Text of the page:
For 30 years I worked in jobs that required me to step up, step out and lead from various levels
of the organization. I have had wonderful managers who were great leaders and I have had not-so-wonderful managers. Not-so-wonderful managers are the ones who were on auto-pilot. It is too common that employees around these not-so-wonderful managers suffer when these managers are not capable of understating their own responses to organizational change. After a couple of failed attempts to work with bad managers, I was inspired to go deep. I took the time to write down what I liked about each manager I worked with, and then listed why I left each. It taught me a valuable lesson: Looking back into our own experiences, we can remember times which brought us to the feeling of fear, awe or humility. This type of deep reflection is one of the keys to self-awareness – examining your beliefs and assumptions. In order for us to get through this fear, we must first allow ourselves to replace fear with courage. Only then can we move forward to pursue our own ‘why’.
I am blessed to know so many people who truly understand their ‘why’. When I listen to them, no matter what we are talking about, I can hear the link between courage and the degree of meaning they have in their life; the sense, at a very deep level, they know why they are doing the things they do. These are the people I began to surround myself with and learn from. They are courageous because they are letting their life speak. Here are three action steps I learned from others:
Quietly look around for what you are interested in. You can do this by looking around your home, your office, and your informal spaces. What themes do you see? Now sit quietly and think about this. This is what energizes you!
Engage in ‘free-writing’. When I was in college, I had a professor who introduced me to ‘free-writing’. This is when you simply set a timer for 20 minutes and write whatever is on your mind. No need to edit, think, or write with a purpose. Just write what is on your mind, as random as it will be, write it all down. I did this every day for a month and became better and better at it. Eventually you can return to your writing and look for themes. This is going to be very enlightening for you. Your innate strengths will shine through your writing!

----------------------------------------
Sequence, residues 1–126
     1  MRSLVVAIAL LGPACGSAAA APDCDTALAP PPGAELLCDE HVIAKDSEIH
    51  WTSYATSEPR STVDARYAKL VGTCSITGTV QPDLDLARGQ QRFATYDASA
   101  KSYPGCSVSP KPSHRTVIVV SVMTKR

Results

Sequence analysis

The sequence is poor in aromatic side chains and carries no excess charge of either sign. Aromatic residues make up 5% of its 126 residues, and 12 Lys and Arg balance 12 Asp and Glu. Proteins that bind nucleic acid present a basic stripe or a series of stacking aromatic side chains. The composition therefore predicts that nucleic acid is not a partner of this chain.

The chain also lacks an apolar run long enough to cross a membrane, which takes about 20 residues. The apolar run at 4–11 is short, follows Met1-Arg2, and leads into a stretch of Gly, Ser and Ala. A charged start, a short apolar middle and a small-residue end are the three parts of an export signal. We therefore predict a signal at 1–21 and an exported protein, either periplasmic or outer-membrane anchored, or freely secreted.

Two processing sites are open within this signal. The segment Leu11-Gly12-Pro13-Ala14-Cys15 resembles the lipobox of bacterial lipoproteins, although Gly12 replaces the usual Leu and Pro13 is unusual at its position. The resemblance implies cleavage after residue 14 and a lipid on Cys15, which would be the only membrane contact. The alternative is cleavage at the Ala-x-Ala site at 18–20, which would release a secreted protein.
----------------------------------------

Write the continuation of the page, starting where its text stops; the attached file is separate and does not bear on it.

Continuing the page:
Ask other people what they think. Ask your friends and your family where they think you add the greatest value. To make it fun, you can even create a survey so they can respond anonymously.
As Simon Sinek explains in his very wise TedTalk, How Great Leaders Inspire Action, “
“We follow those who lead, not for them, but for ourselves. And it’s those who start with why that have the ability to inspire those around them or find others who inspire them.”
If a leader understands their ‘why’ and they have found meaning in why they are doing what they do, they will be able to manage their own responses to the organizational changes and their teams will be better off for it! So, while the action steps may seem a bit quirky, try it!
By: Michelle Cole, MA and Lisa Lopez, MPA